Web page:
West Africa, Nigeria, Mumuye peoples, ca. first half of the 20th century CE. A striking forged-iron rain-making wand comprised of several serpentine rods, half of which are accentuated with twisted grooves until just before the flattened, diamond-shaped heads. The lower ends of each rod are secured within a conical handle which could be placed in the end of a longer wooden pole if desired. Mumuye shamans utilize rain-making wands because they believe their slithering forms to mimic flashes of lightning or the serpentine movements of snakes. Shamans dig small holes and place the ends of the wands in the hole where they symbolically petition the gods for rain by channeling the life-force of the earth. Size: 5" W x 19.7" H (12.7 cm x 50 cm)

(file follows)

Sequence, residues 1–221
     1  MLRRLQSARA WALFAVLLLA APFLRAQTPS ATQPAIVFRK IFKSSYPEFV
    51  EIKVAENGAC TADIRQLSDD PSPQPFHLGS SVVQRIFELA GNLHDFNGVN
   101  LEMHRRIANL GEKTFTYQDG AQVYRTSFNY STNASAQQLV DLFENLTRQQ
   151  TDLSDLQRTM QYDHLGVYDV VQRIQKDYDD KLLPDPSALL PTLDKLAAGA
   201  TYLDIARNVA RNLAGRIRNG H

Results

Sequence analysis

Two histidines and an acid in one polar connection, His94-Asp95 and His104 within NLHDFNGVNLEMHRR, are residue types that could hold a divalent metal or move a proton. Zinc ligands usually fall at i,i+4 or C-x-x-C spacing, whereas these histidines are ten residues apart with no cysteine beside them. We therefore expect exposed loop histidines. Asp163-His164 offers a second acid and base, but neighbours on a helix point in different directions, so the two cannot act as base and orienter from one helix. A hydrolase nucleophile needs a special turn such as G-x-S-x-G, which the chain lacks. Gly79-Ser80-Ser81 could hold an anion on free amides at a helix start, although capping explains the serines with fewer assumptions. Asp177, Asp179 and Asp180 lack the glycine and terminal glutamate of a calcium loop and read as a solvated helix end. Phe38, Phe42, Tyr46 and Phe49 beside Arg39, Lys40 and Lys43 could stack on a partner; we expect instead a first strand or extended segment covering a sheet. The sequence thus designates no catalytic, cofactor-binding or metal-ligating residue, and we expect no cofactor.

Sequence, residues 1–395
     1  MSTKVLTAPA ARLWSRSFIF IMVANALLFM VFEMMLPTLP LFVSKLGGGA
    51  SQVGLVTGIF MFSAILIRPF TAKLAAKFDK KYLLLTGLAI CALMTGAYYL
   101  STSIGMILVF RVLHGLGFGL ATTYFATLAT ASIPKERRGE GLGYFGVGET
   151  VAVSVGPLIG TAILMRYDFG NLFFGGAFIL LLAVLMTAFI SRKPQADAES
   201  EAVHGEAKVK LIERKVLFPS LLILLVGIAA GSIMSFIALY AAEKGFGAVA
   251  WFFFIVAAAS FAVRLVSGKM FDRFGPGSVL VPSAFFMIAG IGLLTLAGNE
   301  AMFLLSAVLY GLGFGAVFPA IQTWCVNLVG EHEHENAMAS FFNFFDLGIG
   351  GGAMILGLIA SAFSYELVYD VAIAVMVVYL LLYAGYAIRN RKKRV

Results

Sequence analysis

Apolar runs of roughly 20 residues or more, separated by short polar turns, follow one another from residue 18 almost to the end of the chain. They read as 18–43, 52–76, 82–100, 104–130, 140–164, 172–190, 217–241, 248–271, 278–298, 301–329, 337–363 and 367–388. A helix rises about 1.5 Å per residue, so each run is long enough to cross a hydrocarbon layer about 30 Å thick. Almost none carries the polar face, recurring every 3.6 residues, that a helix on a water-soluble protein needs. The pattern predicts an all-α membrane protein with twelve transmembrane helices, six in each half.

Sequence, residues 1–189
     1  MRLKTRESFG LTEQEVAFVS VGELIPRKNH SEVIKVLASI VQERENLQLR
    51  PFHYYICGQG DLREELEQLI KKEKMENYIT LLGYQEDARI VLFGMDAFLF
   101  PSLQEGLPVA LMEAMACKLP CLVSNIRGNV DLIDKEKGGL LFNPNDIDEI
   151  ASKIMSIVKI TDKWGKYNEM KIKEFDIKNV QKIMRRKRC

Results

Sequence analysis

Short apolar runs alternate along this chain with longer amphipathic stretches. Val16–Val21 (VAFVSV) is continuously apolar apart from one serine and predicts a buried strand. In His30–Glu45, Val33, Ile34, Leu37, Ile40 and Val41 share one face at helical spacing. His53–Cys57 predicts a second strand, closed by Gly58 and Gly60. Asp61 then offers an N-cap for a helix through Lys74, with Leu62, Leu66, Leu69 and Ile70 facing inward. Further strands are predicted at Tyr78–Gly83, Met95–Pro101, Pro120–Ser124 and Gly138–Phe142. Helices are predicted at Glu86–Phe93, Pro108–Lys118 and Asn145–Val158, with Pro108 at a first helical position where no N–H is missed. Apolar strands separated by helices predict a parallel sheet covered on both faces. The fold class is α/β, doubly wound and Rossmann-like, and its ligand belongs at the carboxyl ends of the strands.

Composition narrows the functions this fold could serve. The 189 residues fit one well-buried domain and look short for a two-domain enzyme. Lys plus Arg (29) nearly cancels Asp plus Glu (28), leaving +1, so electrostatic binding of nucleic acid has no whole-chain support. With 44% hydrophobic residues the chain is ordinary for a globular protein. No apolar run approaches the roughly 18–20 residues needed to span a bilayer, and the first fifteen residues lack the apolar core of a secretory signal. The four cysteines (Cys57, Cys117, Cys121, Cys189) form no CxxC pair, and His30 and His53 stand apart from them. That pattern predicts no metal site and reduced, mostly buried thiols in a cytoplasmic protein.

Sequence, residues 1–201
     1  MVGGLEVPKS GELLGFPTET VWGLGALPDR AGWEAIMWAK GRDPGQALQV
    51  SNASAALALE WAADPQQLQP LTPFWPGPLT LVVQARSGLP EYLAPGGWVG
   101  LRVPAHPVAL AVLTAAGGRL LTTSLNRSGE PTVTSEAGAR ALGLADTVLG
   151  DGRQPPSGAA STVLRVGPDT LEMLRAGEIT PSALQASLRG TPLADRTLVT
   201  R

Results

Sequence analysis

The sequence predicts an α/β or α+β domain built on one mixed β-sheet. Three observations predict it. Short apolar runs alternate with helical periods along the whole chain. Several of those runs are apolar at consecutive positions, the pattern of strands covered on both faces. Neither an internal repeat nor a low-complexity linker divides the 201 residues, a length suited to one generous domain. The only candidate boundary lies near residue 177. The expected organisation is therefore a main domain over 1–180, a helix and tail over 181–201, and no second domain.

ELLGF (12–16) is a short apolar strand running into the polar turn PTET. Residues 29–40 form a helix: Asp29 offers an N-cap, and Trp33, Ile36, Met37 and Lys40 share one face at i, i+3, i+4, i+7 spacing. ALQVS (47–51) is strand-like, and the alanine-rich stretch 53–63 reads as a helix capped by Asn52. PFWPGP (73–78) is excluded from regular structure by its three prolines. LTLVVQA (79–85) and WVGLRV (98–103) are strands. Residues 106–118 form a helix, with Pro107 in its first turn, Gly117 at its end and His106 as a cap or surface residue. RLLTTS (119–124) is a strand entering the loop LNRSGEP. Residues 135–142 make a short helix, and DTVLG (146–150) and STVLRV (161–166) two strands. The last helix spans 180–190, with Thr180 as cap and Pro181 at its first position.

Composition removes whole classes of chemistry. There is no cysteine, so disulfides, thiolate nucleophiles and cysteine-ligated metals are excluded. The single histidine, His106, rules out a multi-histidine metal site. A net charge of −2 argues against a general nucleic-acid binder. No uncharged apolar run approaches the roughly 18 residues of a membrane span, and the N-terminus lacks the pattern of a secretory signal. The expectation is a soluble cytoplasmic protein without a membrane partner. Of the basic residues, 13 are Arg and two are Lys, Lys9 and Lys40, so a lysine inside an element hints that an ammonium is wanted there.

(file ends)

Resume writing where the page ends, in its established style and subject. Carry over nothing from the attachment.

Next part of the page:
Provenance: Mark Clayton collection, Long Beach, California, USA; Mr. Clayton is a noted African art collector who recently had Nigerian bronze objects from his collection featured in an exhibition at the UCLA Fowler Museum entitled "Summoning the Ancestors" (September 2018 - March 2019)
All items legal to buy/sell under U.S. Statute covering cultural patrimony Code 2600, CHAPTER 14, and are guaranteed to be as described or your money back.
A Certificate of Authenticity will accompany all winning bids.
We ship worldwide and handle all shipping in-house for your convenience.
Intact, and in good condition with a nice russet patina.